Question: what is the minimum number of people required to constitute a church or gathering of God’s people (ekklesia)?
It may be tempting to start answering this question by assuming this group must begin with a pastor/preacher, perhaps a plurality of elders – at least 3 for voting purposes, maybe a couple deacons, then expand to the congregation and say maybe 8-10 families? So 20-30 people minimum? Some people ask this question by placing it in the context of church planting and then ask what is the magic number for a launch team? Or…what’s the maximum number of people a sending church could afford to lose and still provide a minimum number of people to sufficiently form a new church?
These are all questions that have been asked before, wrestled over, and then attempted to be biblically answered by many faithful servants of the Lord. Generally speaking, a heavy dose of human wisdom is usually involved in the decision on how this question is answered. That doesn’t make it wrong, or sinful, but it does make it subjective and situational. Our aim here is to ask if Scripture bears any burden for answering these questions.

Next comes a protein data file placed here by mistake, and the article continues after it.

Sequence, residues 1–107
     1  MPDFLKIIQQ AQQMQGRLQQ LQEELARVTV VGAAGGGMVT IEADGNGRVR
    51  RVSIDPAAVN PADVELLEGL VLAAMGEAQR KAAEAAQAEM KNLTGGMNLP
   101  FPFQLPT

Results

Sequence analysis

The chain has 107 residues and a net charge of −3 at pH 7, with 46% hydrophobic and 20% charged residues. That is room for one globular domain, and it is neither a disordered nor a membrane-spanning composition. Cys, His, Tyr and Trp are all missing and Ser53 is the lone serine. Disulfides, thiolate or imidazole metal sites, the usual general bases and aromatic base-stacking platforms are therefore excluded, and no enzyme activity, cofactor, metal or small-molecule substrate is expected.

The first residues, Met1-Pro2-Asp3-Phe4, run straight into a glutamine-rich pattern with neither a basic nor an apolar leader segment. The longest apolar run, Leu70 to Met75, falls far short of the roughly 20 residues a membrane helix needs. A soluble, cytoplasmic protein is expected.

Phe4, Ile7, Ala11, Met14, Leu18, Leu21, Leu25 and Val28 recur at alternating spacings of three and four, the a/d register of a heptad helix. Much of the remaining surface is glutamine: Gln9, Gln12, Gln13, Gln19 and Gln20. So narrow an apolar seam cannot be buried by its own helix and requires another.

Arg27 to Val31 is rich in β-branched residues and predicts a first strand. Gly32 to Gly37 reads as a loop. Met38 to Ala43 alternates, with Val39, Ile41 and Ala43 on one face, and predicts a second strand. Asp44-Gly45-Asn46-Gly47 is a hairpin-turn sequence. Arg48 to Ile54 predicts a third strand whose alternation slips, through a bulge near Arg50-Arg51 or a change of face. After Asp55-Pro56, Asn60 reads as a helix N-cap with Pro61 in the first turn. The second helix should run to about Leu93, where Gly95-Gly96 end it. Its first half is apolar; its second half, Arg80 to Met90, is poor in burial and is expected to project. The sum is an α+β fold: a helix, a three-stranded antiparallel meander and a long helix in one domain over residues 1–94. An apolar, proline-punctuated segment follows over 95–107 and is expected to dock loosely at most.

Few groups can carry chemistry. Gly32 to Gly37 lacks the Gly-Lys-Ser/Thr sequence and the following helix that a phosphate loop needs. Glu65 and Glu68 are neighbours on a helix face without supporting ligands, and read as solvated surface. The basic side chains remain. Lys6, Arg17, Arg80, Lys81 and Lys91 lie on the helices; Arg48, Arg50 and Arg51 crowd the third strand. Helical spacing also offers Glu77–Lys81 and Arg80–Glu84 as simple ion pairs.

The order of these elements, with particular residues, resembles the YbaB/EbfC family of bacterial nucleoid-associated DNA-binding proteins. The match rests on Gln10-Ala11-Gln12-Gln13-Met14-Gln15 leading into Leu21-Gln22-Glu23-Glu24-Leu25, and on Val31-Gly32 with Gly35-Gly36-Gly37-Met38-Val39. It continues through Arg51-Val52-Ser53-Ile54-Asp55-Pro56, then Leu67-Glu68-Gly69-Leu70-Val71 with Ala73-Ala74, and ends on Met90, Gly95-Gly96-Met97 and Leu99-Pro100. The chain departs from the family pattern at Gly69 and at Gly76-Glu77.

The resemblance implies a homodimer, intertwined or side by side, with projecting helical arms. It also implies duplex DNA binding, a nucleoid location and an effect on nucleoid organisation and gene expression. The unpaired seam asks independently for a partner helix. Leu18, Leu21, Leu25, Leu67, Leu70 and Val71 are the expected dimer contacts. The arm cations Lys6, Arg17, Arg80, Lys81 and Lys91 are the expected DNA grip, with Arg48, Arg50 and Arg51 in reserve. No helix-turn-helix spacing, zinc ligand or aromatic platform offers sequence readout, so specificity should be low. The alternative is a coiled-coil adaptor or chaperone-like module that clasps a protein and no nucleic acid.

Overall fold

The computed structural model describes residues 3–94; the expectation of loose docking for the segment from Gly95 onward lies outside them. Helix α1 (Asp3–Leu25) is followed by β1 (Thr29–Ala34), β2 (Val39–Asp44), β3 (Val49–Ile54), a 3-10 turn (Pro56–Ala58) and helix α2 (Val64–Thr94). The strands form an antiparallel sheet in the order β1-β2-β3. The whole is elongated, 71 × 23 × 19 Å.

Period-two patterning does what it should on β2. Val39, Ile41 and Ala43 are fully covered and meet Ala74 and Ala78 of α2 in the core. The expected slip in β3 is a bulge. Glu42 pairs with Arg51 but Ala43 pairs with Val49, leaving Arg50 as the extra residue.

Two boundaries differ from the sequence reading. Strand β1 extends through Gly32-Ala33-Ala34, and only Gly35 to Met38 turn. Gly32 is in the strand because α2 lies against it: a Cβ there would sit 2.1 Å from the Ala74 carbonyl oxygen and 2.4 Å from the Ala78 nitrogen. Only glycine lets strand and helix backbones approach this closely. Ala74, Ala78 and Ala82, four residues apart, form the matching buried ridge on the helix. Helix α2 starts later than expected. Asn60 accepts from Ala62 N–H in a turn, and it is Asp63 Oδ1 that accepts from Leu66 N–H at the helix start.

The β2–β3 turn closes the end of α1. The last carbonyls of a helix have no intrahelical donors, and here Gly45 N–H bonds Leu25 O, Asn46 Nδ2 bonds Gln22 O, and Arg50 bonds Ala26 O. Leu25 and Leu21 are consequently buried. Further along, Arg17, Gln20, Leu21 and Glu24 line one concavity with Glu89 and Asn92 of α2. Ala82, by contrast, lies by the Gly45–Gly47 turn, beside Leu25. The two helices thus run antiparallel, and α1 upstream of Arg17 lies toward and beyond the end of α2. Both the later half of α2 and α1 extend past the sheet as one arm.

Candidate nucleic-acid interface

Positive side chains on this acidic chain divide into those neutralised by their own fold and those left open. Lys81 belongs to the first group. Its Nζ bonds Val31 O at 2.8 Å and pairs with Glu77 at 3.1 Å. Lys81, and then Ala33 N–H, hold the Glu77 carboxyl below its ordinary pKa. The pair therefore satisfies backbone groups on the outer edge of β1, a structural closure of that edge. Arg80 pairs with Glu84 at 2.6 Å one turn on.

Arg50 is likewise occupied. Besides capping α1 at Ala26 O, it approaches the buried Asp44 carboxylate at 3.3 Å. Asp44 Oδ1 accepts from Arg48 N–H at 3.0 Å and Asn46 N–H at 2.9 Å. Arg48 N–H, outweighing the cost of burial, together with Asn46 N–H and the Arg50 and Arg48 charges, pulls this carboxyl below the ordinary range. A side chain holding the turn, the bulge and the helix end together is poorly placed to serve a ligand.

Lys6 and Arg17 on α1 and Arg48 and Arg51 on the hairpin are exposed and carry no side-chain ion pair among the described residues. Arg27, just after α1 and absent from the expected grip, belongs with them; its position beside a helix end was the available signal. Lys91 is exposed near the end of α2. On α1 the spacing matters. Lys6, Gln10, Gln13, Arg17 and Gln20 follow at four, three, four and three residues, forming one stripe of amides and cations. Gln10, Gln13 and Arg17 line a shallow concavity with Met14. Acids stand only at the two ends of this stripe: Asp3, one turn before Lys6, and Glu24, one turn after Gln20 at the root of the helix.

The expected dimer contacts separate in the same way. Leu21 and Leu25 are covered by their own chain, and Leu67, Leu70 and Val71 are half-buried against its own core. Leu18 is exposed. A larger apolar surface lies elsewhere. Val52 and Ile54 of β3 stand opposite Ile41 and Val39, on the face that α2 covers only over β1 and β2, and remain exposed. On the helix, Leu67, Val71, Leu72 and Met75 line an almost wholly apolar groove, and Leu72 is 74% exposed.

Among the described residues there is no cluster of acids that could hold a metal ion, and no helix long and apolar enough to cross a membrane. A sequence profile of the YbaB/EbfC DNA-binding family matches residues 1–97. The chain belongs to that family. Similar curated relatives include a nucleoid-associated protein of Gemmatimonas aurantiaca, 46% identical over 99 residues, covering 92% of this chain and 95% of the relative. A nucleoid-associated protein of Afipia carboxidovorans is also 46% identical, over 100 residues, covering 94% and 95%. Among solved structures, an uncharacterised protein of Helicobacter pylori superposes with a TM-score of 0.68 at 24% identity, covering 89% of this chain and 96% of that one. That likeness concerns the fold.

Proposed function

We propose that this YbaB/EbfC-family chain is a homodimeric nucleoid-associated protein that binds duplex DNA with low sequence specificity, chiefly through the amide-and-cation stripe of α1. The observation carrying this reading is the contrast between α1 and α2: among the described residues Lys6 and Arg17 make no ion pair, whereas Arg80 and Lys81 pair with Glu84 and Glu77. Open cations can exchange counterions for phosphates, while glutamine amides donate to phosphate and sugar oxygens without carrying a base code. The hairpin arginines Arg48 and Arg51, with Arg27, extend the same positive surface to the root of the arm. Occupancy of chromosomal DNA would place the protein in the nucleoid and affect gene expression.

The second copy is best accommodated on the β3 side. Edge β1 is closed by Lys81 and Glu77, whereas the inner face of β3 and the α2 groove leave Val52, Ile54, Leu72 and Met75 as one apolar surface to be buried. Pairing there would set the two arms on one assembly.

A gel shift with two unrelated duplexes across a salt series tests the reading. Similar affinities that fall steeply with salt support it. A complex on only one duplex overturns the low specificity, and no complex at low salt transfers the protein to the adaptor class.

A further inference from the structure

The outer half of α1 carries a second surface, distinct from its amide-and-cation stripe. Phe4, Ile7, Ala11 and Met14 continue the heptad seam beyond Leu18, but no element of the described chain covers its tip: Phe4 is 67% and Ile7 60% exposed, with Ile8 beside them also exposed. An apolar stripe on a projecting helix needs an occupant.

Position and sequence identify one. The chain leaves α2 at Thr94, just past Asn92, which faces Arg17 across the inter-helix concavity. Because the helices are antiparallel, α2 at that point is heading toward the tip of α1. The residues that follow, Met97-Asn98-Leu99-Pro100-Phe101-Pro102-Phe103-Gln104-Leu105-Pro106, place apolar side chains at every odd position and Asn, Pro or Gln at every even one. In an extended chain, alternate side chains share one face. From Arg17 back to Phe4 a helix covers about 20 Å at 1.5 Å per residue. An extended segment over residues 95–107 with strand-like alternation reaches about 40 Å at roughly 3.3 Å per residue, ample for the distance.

In Matthew 18, a passage well known for our Lord’s mention of ekklesia as the final stop of confrontation of a sinning brother, also provides for us the answer to these questions, though for some reason it often gets overlooked, confused, or downplayed, particularly when discussions of “church-planting” are taking place.
15 “If your brother sins against you, go and tell him his fault, between you and him alone. If he listens to you, you have gained your brother.16 But if he does not listen, take one or two others along with you, that every charge may be established by the evidence of two or three witnesses. 17 If he refuses to listen to them, tell it to the church. And if he refuses to listen even to the church, let him be to you as a Gentile and a tax collector. 18 Truly, I say to you, whatever you bind on earth shall be bound in heaven, and whatever you loose on earth shall be loosed in heaven. 19 Again I say to you, if two of you agree on earth about anything they ask, it will be done for them by my Father in heaven. 20 For where two or three are gathered in my name, there am I among them.”